Portrait of elderly Indian man taking medicine every day

Every day, 750 older Americans are hospitalized for a serious adverse drug event. While prescription drugs have improved the lives of individuals around the world, increasing use of multiple medications at the same time have put millions of older Americans at risk for adverse drug events. In 2018, people over age 65 sought medical care at a clinic or emergency room 5 million times for an adverse drug event, and were hospitalized 280,000 times. In a 2019 Lown Institute report, we estimated that if nothing is done, there will be 4.6 million hospitalizations and 150,000 preventable deaths among older Americans over the next decade.

To address the epidemic of medication overload, the Lown Institute convened a working group of 22 experts on medication use, including doctors, nurses, pharmacists, researchers, and patient advocates. Our work produced a national action plan, which provides key recommendations for cultural, educational, and policy changes that are needed to reduce medication harm and burden. The recommendations include:

Implement prescription checkups to facilitate deprescribing

Patients and clinicians need designated time to review all the drugs a patient is taking, and discuss which can be stopped, or deprescribed, or reduced in dose. Patients who feel overwhelmed by their medication burden should be able to request a prescription checkup -- a medication review with a focus on deprescribing.

The following policy changes would help facilitate prescription checkups and appropriate deprescribing:

  • Create avenues for clinician reimbursement for prescription checkups, such as allowing primary care clinicians to “bundle” a prescription checkup with the annual Medicare Wellness Visit.
  • Allow Medicare to recognize pharmacists as health providers so they can be incorporated into the care team and paid for their clinical services.
  • Encourage development of value-based payment models that reward clinicians for reducing adverse drug events in older patients, to incentivize preventive prescription checkups.
  • Establish a centralized list of every patient’s medications, or improve the usability and accuracy of electronic health records and make them interoperable across health systems, to ease the creation of a comprehensive medication list for patients.

Improve information and training on appropriate medication use

Too often, clinicians do not have all the information they need about the benefits and harms of medications when making treatment decisions. In addition, health professions education usually does not teach clinicians-in-training how to safely deprescribe, nor is information on how to deprescribe safely always available for clinicians at the point of care.

The following initiatives would help fill information and knowledge gaps that drive medication overload:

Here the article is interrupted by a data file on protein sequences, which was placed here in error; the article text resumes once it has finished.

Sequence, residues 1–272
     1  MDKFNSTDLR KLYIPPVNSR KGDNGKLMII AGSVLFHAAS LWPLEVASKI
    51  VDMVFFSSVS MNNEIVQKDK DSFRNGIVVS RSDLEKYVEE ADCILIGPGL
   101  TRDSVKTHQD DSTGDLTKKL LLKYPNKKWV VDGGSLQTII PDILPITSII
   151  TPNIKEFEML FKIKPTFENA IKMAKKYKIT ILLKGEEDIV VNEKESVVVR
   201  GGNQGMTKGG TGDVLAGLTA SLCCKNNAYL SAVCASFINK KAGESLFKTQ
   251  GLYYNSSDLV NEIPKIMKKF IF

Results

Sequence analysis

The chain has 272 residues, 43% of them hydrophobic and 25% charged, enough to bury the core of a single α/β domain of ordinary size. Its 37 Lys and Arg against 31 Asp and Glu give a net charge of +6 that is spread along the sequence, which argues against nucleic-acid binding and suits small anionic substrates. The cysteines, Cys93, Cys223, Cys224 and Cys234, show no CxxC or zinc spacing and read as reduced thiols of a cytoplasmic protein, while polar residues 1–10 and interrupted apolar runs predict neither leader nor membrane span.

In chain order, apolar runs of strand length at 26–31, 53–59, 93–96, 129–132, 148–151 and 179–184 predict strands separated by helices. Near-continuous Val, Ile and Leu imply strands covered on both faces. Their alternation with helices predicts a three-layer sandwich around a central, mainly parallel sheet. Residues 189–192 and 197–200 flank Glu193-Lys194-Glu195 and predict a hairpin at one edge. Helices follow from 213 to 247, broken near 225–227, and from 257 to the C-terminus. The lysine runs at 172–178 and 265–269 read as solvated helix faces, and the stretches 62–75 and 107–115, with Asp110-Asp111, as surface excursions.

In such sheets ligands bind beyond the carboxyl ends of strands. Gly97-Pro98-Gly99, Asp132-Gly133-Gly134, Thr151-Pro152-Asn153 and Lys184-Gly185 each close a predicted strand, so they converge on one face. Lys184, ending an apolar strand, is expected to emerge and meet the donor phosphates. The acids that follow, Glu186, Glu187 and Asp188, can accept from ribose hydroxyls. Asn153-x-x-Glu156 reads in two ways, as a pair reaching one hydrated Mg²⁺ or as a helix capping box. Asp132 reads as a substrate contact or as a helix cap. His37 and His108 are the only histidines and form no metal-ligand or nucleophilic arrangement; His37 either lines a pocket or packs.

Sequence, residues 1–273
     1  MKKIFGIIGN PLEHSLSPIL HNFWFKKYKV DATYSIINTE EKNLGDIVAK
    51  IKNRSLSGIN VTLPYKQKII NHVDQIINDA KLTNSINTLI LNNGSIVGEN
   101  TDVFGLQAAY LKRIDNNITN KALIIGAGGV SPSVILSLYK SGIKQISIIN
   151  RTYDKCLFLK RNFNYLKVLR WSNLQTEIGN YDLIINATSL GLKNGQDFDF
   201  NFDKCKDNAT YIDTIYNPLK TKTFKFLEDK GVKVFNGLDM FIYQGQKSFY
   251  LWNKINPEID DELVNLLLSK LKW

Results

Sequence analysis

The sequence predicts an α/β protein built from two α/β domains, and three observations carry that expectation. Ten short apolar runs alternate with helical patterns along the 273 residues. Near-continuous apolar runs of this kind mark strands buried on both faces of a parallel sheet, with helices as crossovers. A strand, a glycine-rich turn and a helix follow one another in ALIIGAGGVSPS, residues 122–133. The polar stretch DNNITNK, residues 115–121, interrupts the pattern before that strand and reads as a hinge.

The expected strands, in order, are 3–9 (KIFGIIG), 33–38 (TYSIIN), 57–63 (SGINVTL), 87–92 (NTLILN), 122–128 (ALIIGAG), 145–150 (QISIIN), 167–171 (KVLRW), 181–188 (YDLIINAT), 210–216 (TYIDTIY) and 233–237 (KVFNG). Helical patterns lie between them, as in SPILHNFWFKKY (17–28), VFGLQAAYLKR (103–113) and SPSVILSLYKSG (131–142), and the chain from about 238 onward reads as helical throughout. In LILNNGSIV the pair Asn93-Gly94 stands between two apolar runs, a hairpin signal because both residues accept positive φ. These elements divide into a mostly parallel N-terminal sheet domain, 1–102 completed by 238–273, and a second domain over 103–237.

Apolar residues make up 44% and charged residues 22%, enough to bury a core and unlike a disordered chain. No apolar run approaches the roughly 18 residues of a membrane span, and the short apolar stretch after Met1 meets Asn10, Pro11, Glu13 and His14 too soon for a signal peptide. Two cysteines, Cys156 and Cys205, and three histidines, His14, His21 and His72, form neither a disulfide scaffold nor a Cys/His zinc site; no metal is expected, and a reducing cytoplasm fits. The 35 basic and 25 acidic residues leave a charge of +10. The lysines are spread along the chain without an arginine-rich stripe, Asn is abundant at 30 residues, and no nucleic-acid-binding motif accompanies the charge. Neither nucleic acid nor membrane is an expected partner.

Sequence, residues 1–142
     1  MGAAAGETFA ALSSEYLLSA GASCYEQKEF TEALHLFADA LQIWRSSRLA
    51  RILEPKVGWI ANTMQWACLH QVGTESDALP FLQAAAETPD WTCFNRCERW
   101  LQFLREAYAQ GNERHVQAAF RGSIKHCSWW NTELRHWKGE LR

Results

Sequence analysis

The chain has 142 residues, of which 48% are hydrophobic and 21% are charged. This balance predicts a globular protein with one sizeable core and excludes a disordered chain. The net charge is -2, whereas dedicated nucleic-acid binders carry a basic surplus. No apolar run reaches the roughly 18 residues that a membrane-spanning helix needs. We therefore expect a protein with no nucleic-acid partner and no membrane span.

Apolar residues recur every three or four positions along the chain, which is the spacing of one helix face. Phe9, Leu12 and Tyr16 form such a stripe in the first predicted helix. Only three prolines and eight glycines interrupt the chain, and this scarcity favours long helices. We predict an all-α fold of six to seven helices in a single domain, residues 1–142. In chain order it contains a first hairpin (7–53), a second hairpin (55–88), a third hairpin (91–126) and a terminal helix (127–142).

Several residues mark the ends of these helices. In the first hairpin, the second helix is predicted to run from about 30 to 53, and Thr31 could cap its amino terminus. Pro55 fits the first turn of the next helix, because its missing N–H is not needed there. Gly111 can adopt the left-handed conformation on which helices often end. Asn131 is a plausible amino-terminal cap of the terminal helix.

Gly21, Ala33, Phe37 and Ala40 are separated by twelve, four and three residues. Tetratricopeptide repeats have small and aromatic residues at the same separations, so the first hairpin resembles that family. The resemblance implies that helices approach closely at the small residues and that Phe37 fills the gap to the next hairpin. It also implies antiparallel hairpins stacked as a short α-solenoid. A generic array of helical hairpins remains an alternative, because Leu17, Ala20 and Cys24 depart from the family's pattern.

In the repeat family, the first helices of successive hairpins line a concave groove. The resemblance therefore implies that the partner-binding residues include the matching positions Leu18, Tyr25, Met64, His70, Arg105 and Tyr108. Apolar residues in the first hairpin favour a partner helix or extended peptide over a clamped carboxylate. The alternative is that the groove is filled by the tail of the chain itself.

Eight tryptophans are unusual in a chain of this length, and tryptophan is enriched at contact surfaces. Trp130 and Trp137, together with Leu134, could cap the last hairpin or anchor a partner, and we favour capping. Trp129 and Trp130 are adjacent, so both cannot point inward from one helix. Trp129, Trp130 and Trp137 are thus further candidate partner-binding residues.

• Ensure that clinical practice guidelines include information on prescribing for older patients with multiple chronic conditions and how to safely stop drugs.
  • Make deprescribing guidelines widely available so clinicians have them at the point of care.
  • Enhance health professions education and continuing education to incorporate training on patient-centered prescribing and deprescribing.
  • Address systemic problems with adverse drug event under-reporting, to improve the availability of information on drug side effects.

Push back against the culture of prescribing

Both patients and clinicians are steeped in a culture of prescribing, which promotes the notion that there’s a “pill for every ill.” Pharmaceutical industry marketing to clinicians, direct-to-consumer drug advertising, the increasing medicalization of normal aging, the hurried pace of medical care, and the urge among doctors and other clinicians to “do something” about medical conditions all contribute to the culture of prescribing.

The following actions would help reduce the power of this cultural bias:

  • Create campaigns to increase awareness of medication overload among the general public, patients, and health care professionals.
  • Empower patients and caregivers to talk to their clinician about deprescribing.
  • Encourage clinicians and health care institutions to deny pharmaceutical sales rep visits.
  • Require better regulation of drug samples and close the drug sample loophole for reporting pharma payments.
  • Increase regulation of direct-to-consumer drug advertising with either an outright ban, limit on ads for two years after approval, or stricter content requirements to show a more accurate balance of drug benefits and harms. 

Medication overload is a complex problem and therefore requires a multi-faceted set of solutions. Reducing harm from multiple medications will not be easy, but there are opportunities across the health care system for positive change. We owe it to our grandparents, our parents, and ourselves to take action now.


Shannon Brownlee, MSc

Senior Vice President - Lown Institute

Shannon Brownlee, MSc, is senior vice president of the Lown Institute, a non-partisan think tank based in Bost... Read Bio

Judith Garber headshot

Judith Garber

Health Policy & Communications Fellow - Lown Institute

Judith joined the Lown Institute team as the Health Policy and Communications Fellow in the fall of 2016. Read Bio

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